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Reece Jordan

Reece Jordan

Email: reecejordan98@hotmail.co.uk

Total Article : 219

About Me:18-year-old sixth form student, studying English Literature, History and Government and Politics. My articles will broadly cover topics from the current affairs of politics to reviews of books and albums, as well as adding my own creative pieces, whether it be short fiction or general opinion.

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David Foster Wallace and Clichés pt. 4

David Foster Wallace and Clichés pt. 4

After insisting that ‘he won’t even try to describe the… furious mental back-and-forth’ when deciding to commit suicide, he does exactly that: ‘This is the last glass of milk I’ll ever drink’ / ‘This is the last time I will tie my shoe’ / ‘I won’t see the sun come up tomorrow or gradually undim and resolve,’ which goes on for almost another page. It’s as if the self-censorial, ‘jaded’ part of Neal attempts at halting his narrative but the ‘inner sap’ and its fundamental need to express overpowers it. It’s a poignant part of the story that further demonstrates that the refusal to appear too commonplace can be inhibiting for expression.

            Despite this example, Neal’s desire ‘to be taken very seriously’ by those ‘jaded, sophisticated people’ is one that precipitates his suicide. He states early on in the story that he socialised with people who were ‘dry, oblique’ and ‘contemptuous of clichés,’ and to impress them would do ‘things like yawning and looking at [his] nails and saying things like, ‘Am I happy? is one of them questions that, if it has got to be asked, more or less dictates its own answer,’ etc.’ The use of ‘etc.’ renders the description ironic – it denotes that those who are ‘contemptuous of clichés’ become clichéd themselves. Thus, Wallace suggests that clichés pervade society, and that to think of oneself as exempt from them is fallacious. Yet it is exactly this line of thinking – of a fixation on uniqueness – that Neal succumbs to. After coming to the conclusion that he is incapable of love, he sees on an episode of Cheers that one of the characters points it out as a cliché: ‘If I have one more yuppie come in and start whining to me I’m going to throw up!’ which, Neal tells us, ‘got a huge laugh from the show’s studio audience, which meant that they – and so by demographic extension the whole national audience at home – recognized what a cliché’ it was.’ Neal tells us that this ‘more or less destroyed [him]’ and that ‘it was the next morning after that that [he] woke up having decided [he] was going to kill myself.’ This not only gestures, again, towards pop culture’s significance in the construction of clichés, but it also illustrates that Neal’s life was dictated by ‘the supposed audience’ to his life. Neal believes himself to have a ‘cliché of the heart’, one that is not ‘fully authentic or genuine’ and finds this unendurable. Because clichés carry within them latent truths of humanity, the complete denial of them and the search for total originality would mean the denial of what is to be human. Therefore, Neal’s dream about his construction of himself as a statue has resonance not ‘because they were warnings from [his] subconscious that [he] was hollow,' but it is because Neal’s desired conception of himself, one of complete originality and devoid of clichés, is so unhuman. Clichés, in their overuse, indicate a commonality between people. Neal’s yearning to be excluded from them can only be satisfied by one conclusion, which is to kill himself.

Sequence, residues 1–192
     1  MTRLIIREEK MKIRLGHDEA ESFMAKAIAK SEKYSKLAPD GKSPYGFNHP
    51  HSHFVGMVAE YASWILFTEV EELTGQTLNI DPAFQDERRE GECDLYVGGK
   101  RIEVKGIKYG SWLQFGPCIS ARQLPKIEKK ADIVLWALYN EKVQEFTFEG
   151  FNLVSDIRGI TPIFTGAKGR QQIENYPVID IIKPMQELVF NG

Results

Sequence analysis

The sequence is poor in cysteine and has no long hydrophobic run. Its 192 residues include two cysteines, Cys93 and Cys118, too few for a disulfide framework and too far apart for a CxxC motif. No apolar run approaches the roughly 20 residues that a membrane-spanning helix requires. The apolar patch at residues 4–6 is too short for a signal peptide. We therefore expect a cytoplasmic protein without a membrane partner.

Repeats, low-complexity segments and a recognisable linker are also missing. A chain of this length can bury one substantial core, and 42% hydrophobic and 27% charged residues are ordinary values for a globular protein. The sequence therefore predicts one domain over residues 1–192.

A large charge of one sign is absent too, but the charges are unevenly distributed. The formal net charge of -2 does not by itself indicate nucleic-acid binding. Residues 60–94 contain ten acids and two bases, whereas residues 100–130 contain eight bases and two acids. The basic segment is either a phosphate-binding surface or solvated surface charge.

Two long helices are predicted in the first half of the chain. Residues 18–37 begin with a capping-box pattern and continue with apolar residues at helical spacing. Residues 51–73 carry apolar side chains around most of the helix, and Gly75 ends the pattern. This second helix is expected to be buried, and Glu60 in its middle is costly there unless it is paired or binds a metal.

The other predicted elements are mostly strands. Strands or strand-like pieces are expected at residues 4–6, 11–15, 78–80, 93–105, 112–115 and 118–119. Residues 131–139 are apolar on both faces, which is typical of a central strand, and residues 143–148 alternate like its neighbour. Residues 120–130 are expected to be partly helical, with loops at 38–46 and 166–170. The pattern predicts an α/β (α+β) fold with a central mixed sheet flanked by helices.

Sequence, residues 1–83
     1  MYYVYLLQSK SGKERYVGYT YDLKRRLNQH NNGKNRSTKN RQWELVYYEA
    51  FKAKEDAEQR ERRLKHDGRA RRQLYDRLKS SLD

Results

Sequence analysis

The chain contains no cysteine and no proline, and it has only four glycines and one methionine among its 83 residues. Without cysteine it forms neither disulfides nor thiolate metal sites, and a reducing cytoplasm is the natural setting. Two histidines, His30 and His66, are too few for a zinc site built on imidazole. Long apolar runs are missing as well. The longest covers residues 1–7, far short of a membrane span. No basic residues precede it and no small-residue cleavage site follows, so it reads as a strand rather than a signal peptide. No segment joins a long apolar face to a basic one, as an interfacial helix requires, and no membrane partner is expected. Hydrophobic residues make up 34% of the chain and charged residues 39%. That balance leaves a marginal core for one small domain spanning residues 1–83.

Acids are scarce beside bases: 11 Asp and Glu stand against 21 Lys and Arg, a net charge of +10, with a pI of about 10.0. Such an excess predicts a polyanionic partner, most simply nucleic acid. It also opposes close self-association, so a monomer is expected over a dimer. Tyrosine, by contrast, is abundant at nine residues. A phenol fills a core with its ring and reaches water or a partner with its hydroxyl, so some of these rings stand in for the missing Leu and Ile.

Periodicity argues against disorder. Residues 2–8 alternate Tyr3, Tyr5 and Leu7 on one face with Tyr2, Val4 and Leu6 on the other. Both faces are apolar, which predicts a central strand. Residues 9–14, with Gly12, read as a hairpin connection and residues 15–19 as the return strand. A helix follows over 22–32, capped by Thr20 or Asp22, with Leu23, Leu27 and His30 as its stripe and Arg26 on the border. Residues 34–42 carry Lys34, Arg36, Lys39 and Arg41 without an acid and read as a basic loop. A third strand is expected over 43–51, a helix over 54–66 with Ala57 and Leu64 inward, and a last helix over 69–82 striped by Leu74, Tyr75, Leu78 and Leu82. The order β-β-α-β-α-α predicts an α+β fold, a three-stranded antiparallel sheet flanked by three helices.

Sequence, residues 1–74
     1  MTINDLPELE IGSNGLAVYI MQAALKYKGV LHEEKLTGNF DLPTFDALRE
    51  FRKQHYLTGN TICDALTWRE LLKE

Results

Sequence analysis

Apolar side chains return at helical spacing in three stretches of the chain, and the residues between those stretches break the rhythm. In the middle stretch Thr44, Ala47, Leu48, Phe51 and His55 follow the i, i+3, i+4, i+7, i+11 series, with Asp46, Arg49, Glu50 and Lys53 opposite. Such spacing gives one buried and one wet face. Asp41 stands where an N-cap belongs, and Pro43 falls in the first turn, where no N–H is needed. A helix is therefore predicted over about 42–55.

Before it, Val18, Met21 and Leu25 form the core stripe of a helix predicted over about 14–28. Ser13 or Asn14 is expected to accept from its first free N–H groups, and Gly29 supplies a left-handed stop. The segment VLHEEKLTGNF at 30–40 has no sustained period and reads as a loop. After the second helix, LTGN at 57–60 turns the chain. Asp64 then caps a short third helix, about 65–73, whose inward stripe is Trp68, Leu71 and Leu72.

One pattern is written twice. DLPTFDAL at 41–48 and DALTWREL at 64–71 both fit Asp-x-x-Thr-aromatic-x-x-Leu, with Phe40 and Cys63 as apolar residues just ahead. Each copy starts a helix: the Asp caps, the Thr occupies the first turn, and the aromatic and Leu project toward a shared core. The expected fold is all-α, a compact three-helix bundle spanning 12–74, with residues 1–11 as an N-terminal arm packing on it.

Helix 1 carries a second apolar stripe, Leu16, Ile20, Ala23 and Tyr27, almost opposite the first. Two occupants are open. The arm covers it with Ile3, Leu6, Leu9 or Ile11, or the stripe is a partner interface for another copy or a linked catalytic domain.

Image Credits: npr.org

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